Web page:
Whooping cough evolving into superbug: how can you protect babies in your care?
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Whooping cough evolving into superbug: how can you protect babies in your care?

by Freya Lucas

January 17, 2020

The bacteria which causes whooping cough – a highly contagious bacterial infection which kills over 250,000 children worldwide each year, leaving many others with brain damage – is “becoming smarter” at colonising and feeding off unwitting hosts – whether they have been vaccinated or not – strengthening calls for a new vaccine in coming years, according to UNSW researchers.


The current vaccine, which has been widely in use for the past 20 years, targets three antigens in the whooping cough bacteria, but researchers are calling for Australia to have a new vaccine to ensure our most vulnerable are protected from the emergence of superbug strains.


All babies under six months old – in particular, newborns not protected by maternal immunisation – are at risk of catching the vaccine-preventable disease because they are either too young to be vaccinated or have not yet completed the three-dose primary vaccine course.


Australia’s whooping cough epidemic from 2008 to 2012 saw more than 140,000 cases – with a peak of almost 40,000 in 2011 – and revealed the rise of evolving strains able to evade vaccine-generated immunity.


A series of studies in relation to whooping cough have been undertaken by researchers from UNSW, showing, in a world-first discovery, that the evolving strains made additional changes to better survive in their host, regardless of that person’s vaccination status. They also identified new antigens as potential vaccine targets.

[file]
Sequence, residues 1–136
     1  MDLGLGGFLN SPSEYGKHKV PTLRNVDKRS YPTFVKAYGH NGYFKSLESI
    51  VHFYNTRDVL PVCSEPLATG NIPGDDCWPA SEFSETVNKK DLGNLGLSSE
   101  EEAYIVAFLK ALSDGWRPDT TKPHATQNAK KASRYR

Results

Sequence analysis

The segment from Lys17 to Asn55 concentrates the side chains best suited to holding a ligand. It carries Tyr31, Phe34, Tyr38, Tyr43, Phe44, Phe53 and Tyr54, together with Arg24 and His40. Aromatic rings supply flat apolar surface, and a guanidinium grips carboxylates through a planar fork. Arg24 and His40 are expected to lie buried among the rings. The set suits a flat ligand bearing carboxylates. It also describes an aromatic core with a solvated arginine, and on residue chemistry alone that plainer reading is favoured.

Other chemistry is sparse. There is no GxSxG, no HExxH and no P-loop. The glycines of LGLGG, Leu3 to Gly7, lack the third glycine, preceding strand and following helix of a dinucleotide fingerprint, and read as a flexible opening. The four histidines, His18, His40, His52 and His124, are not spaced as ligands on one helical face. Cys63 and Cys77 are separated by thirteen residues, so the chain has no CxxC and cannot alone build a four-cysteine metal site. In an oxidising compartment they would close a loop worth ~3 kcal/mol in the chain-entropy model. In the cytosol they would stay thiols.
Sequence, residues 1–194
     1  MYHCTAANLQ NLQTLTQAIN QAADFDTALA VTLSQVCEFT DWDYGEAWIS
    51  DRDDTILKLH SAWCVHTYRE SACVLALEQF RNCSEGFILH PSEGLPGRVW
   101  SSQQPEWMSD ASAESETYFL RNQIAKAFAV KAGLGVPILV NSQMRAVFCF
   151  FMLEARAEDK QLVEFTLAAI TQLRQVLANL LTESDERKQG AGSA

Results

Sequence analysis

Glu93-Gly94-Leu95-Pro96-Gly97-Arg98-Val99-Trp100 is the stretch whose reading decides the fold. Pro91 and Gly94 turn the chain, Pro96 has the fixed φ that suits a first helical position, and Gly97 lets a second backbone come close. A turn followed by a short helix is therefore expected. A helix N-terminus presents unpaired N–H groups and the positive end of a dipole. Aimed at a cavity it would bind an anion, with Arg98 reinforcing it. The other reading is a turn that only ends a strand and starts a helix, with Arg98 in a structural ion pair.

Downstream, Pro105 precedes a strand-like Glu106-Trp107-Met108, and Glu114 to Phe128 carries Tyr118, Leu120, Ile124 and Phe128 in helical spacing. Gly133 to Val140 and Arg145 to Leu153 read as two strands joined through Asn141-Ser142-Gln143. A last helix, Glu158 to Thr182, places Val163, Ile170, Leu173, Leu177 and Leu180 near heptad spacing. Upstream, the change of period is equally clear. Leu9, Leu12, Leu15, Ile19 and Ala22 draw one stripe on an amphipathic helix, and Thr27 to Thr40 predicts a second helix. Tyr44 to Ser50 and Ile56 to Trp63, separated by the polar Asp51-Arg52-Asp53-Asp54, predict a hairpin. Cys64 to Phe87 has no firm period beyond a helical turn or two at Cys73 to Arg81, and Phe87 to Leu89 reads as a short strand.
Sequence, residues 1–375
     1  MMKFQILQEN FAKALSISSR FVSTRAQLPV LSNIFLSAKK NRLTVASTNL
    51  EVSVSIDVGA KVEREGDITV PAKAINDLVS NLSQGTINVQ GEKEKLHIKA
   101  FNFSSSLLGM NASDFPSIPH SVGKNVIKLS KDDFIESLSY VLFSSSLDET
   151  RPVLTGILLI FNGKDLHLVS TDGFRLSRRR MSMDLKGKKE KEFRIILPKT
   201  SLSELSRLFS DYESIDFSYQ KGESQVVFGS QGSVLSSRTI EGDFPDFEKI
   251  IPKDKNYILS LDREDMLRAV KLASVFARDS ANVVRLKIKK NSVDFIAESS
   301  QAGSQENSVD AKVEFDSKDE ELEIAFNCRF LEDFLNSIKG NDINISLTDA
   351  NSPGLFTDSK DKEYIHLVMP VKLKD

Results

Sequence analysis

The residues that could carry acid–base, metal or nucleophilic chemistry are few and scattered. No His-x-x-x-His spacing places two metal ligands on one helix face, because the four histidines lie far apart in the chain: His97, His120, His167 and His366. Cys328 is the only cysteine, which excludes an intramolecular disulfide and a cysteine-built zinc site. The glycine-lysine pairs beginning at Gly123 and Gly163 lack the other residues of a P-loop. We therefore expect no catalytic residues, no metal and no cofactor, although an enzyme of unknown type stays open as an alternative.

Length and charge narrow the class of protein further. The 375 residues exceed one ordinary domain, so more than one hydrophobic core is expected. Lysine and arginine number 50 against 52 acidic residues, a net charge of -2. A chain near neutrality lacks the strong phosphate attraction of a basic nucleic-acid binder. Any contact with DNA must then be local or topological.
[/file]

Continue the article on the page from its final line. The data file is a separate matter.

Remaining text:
Dr Laurence Luu, a microbiologist who led the team of researchers with Professor Ruiting Lan, said whooping cough’s ability to adapt to vaccines and survival in humans might be the answer to its surprise resurgence despite Australia’s high vaccination rates.


“We found the whooping cough strains were evolving to improve their survival, regardless of whether a person was vaccinated or not, by producing more nutrient-binding and transport proteins, and fewer immunogenic proteins which are not targeted by the vaccine,” Dr Luu said.


“This allows whooping cough bacteria to more efficiently scavenge nutrients from the host during infection, as well as to evade the body’s natural immune system because the bacteria are making fewer proteins that our body recognises.

“Put simply, the bacteria that cause whooping cough are becoming better at hiding and better at feeding – they’re morphing into a superbug” Dr Luu said. 

Dr Luu said it was therefore possible for a vaccinated person to contract whooping cough bacteria without symptoms materialising.


“So, the bacteria might still colonise you and survive without causing the disease – you probably wouldn’t know you’ve been infected with the whooping cough bacteria because you don’t get the symptoms,” he said.

This evolution could be especially problematic in an early childhood education and care (ECEC) context, where a vaccinated employee could have contact with a child under six months of age, passing on the infection unwittingly, with devastating consequences. 

“It is critical that people are vaccinated to prevent the spread of whooping cough – the current vaccine is still effective for protecting against the disease – but new vaccines need to be developed in the long-term,” Professor Lan said.


Dr Luu agreed it was crucial that Australia maintained its high vaccination coverage for whooping cough.


“Although the number of whooping cough cases has increased during the past decade, it’s still nowhere near as high as what it was before the introduction of whooping cough vaccines,” Dr Luu said.


“Therefore, we emphasise that Australia must maintain its high vaccination coverage to protect vulnerable newborns who are not protected by maternal immunity and cannot complete the three-dose primary vaccine course until they are six months old.”


Vaccination, Dr Luu said, is “especially important for children, people who are in contact with children and pregnant women who need the vaccine to produce antibodies to protect their newborns from developing whooping cough in the first few weeks of life.”


In addition to babies under six months having a high risk of catching the disease, the elderly, people living with someone who has whooping cough and people who have not had a booster in the past 10 years, are also most at risk.


To learn more about the research, please see here

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